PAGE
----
I think any “new definition” of an AMO needs to be supported by more than just time series analysis – there needs to be a physical understanding of the underlying mechanism. A point made in Climate Dynamics last year. Did they check to make sure these results made sense with respect to the underlying mechanism? Did they relate it to salinity and sea ice ? As a mode of NH temp variation it is possible there is some relation to this index – however the AMO which is traditionally referred to by authors was not cooling over the past 15 years.”

    Some of the concerns I listed above pertain to the analysis presented here as well – there is in effect a wealth of literature which is on the subject that examines the pros and cons of different approaches and the physical mechanisms underlying each. The aerosol theory as being the driver of the AMO is not justified in my view but likewise it is an important consideration – particularly given that many of these additional forcings are prominent in the North Atlantic. Tom Crowley’s (Rest in Peace) recent paper does provide some interesting results as well:

    • Salamano
      Posted May 19, 2014 at 2:26 PM | Permalink

      So what ends up constituting a submission that is worth rejection because it is at odds with prevailing climate science vs. acceptance because of the potential to be of high impact if confirmed?

      It appears in recent times we have good examples in which papers that ‘shake things up’ were given the peer-reviewed light of day despite their controversial-ness/misgivings, whilst others were not.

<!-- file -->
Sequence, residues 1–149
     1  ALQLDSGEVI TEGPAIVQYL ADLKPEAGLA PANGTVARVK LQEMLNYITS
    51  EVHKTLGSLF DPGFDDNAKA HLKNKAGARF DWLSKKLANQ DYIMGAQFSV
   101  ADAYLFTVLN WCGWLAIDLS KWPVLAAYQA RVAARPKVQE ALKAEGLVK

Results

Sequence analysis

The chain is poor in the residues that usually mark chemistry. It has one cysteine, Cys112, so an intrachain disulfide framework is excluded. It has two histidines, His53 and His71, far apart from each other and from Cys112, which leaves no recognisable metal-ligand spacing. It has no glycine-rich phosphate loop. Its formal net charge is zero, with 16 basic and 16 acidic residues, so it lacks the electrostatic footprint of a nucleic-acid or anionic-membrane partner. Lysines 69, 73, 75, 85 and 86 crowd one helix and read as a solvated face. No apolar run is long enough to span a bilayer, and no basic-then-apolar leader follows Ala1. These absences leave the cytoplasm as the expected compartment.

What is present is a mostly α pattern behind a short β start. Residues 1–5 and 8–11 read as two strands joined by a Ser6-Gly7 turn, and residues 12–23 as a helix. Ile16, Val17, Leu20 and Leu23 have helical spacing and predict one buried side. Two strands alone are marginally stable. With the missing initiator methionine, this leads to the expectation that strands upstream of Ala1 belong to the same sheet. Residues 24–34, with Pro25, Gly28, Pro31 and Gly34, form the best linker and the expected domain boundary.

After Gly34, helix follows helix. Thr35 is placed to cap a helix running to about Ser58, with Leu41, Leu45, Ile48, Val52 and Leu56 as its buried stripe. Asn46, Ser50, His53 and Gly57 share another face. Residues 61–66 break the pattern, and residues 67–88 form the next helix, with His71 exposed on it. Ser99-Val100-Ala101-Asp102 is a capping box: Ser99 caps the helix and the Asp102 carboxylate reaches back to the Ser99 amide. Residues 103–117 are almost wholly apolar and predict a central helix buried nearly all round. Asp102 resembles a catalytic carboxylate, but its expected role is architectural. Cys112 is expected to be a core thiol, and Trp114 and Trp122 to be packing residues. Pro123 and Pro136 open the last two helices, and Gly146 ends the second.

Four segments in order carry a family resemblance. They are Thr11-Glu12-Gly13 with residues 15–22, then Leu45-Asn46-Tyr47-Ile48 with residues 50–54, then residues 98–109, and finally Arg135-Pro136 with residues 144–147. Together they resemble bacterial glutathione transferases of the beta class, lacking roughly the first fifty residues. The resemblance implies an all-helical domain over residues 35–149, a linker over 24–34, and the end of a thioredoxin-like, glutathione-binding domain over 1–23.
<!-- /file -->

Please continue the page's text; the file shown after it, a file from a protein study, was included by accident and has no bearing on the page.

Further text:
Here, Nic would have argued for rejection of this paper, though presumably would have green-lighted Begnsston’s paper. Others have obviously come to an alternate conclusion.

    • Posted May 19, 2014 at 4:35 PM | Permalink


      Thanks for your useful comment. As you say, the rebuttal of the Booth et al aerosol forcing study by Zhang et al was compelling. And I also had found the recent Crowley paper’s results interesting.

      As I wrote in my article, I in fact agree that simply detrending the NA SST series may well not be appropriate when forcing has been increasing (at least when that has been at a varying rate). However, why do you claim about Mann’s paper:

      “I think he provides a compelling case that the detrended AMO is inappropriate”.

      Would you not agree, having read my article, that the case Mann provides that the detrended AMO is inappropriate is in fact just smoke & mirrors – there is no real case there at all? If not, may I ask why not?

      • Robert Way
        Posted May 28, 2014 at 8:25 AM | Permalink

        Ill take a moment to comment when I get a chance – but here is a paper relevant to the discussion

        Click to access art%253A10.1007%252Fs00382-014-2176-7.pdf

        Combined influences of seasonal East Atlantic Pattern and North
        Atlantic Oscillation to excite Atlantic multidecadal variability
        in a climate model

        The mechanism discussed in the paper doesn’t make sense with the *new* AMO definition proposed by Mann et al 2014. Especially when you look at the salinity and NAO data over the past 4 decades.